In a week when a tragic natural disaster in Japan was compounded by the fear of a potential man-made nuclear disaster, I think many of us were grateful for the opportunity to attend the Return to The Terroir Grand Tasting in Melbourne. Here was a group of biodynamic winemakers, passionate about the benefits of working with the land’s natural rhythms and bio-systems, delighting our senses with superb wines and stimulating discussion.
Organised by Castagna Vineyard’s Julian Castagna, the tasting brought together 61 wine producers from around the world and more than 340 wines! Almost all of these wineries are members of La Renaissance des Appellations, an invitation only group of biodynamic winemakers founded by Nicolas Joly of the famed Coulée de Serrant. Members are invited not only on the basis of their farming practices (three years of biodynamic farming across the whole property is the minimum criteria) but are also judged on the quality of their wine and their commitment to a shared philosophy that great wine is made in the vineyard, not in the cellar.
In the catalogue accompanying the tasting, Australian wine critic Max Allen noted that “A rapidly growing number of the world’s best winegrowers, from Alsace to Australia, have enthusiastically adopted biodyanmics in their vineyards because they believe it helps them produce wines that express a more authentic, more beautiful sense of place in the glass.”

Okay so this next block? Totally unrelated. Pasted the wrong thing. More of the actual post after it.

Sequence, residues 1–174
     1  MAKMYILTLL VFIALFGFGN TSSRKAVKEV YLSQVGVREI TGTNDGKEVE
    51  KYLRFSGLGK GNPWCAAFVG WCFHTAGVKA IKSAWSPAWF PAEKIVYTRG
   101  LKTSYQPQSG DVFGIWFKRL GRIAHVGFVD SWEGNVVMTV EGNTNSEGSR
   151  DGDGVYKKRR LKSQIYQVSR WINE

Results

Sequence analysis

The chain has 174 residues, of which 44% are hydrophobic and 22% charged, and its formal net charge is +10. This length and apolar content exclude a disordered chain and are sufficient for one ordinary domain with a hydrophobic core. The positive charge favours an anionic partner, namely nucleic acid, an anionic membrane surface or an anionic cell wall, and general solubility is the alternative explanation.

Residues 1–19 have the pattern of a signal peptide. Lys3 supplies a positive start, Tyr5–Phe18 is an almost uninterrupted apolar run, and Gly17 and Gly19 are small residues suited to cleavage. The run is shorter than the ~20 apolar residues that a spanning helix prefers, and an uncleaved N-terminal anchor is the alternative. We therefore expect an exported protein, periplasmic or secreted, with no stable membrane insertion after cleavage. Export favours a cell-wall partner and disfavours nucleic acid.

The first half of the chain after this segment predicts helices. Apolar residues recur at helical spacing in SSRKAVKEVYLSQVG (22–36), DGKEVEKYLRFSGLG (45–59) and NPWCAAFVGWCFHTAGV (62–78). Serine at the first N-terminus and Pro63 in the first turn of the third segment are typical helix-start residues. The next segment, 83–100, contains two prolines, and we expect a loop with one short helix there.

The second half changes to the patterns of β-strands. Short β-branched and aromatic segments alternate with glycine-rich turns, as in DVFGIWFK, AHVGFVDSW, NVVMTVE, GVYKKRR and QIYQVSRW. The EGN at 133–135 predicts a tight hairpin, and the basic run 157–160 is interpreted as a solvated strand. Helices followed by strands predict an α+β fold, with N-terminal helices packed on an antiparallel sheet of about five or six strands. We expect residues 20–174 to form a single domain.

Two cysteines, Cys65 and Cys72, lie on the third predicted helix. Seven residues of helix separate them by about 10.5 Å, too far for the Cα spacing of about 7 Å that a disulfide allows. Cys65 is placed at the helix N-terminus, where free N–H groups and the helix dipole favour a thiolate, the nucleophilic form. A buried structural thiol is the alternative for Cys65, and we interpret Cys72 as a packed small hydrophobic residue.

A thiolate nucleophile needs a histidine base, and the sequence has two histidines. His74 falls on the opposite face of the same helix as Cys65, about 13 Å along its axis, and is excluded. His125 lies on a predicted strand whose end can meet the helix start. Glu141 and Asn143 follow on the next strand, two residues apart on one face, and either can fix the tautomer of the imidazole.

Indeed, some of the most celebrated wineries in the world are members of the group. To name but a few, they include Domaine Zind Humbrecht from Alsace, Araujo Estate from the Napa Valley, Compañía de Vinos Telmo Rodriguez from Spain and Cullen Wines from the Margaret River.
At the panel discussion I attended the audience had a chance to hear first-hand from the winemakers about what sets this group and the wines they make apart. Nicolas Joly used a musical analogy to describe the benefits biodynamic winemaking. He likened the vineyard to an instrument, the winemaker to a musician and biodynamics to the acoustics, arguing that a farming system which respects and works in harmony with nature’s rhythms provides the right background for wine to truly express its terroir.
Pure, true, lively, healthy, energetic and fresh were descriptors repeatedly used by the winemakers to describe the effects of biodynamics in their vineyards and on their wines. In response to an audience member who disbelieved the value of adhering to a strict lunar calendar for planting and harvesting, the winemakers unanimously concurred that “it works!”
Photo Credit: Castagna